A father and his son live together in a roof-top apartment. They have lived alone for years in their own private world, full of memories and daily rites. Sometimes they seem like brothers. ... See full summary »
Third part in Aleksandr Sokurov's quadrilogy of Power, following Moloch (1999) and Taurus (2001), focuses on Japanese Emperor Hirohito and Japan's defeat in World War II when he is finally confronted by General Douglas MacArthur who offers him to accept a diplomatic defeat for survival.
Inspired by Flaubert's Madame Bovary, Sokurov's Save and Protect recalls the most crucial events of Emma's decline and fall, including affairs with an aristocratic and a student. Focusing ... See full summary »
The existential protagonist is a hungry, homeless, socially isolated, and socially alienated young man living on the streets of an anonymous Russian big city in the 19th Century. He's ... See full summary »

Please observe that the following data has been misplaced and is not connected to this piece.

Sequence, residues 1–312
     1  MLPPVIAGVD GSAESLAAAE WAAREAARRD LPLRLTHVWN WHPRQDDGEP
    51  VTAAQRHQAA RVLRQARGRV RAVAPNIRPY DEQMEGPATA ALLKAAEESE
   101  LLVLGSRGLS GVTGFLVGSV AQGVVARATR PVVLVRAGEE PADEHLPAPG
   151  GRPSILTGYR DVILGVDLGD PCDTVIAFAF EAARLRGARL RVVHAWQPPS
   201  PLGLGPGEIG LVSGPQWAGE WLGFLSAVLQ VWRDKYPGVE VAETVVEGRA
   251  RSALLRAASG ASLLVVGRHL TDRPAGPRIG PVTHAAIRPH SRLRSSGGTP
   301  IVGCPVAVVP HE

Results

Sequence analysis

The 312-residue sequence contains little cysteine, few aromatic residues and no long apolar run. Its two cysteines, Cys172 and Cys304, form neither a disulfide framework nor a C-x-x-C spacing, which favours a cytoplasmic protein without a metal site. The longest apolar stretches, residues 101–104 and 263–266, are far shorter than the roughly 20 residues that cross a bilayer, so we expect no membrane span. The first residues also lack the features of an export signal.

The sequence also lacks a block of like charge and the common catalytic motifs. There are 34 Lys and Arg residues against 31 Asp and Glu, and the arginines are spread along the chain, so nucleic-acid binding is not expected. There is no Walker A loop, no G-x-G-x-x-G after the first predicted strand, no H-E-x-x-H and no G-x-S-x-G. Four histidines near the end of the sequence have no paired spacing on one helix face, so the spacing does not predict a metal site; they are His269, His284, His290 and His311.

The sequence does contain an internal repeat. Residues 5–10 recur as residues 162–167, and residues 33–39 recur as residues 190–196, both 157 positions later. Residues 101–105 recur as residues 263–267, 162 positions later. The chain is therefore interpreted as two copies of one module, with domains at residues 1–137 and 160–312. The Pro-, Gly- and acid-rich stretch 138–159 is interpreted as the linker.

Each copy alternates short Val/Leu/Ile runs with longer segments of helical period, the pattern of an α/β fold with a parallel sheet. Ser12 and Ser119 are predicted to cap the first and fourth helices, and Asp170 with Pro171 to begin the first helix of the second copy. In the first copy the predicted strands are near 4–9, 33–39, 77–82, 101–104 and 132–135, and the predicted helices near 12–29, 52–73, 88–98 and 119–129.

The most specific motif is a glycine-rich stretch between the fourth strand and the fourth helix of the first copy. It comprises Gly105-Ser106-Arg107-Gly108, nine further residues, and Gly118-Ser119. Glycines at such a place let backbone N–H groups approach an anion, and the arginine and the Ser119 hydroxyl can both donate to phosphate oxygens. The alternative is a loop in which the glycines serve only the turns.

Mr.monsieurb wrote not about this film, but about Sokurov's second feature-length fiction film "Skorbnoe Beschuvstvie" by the drama of B.Show. "Odinokii golos cheloveka" had been made as a diploma work of All Soviet National Institute of Cinematography(VGIK) but was banned before the Perestroika. They ordered that film must be completely perished, but the director and cameraman hided it under the bed of their dormitory. Now this legendary film is often screened in Tokyo. But perhaps even Andrey Tarkovsky, who said that this film is the work of a genius, would never imagined such a lucky fate for it. "Odinokii golos.." is poetic, beautiful film, but its beauty came from the deepest faith of Russian people. They believed in Artistic Creation as the Service to God. But the author and the screenwriter did so almost subconsciously. The results was this legendary film, which for about 10 years had been secretly screened in apartment room or other hidden places before 1986. I can't imagine other land or time, which could give birth to such an isolated film, with such a simple story and such a naive, trembling sensitivity of youth,coupled with such a mystic expression of religious feelings. This is actually one of these rare cases of cinema history, when young directors reached the maturity of Master by providential force. It must be screened and seen again and again,not only for audience, even for Sokurov himself, so that he would remember what had happened to him when he was 26 to 27.
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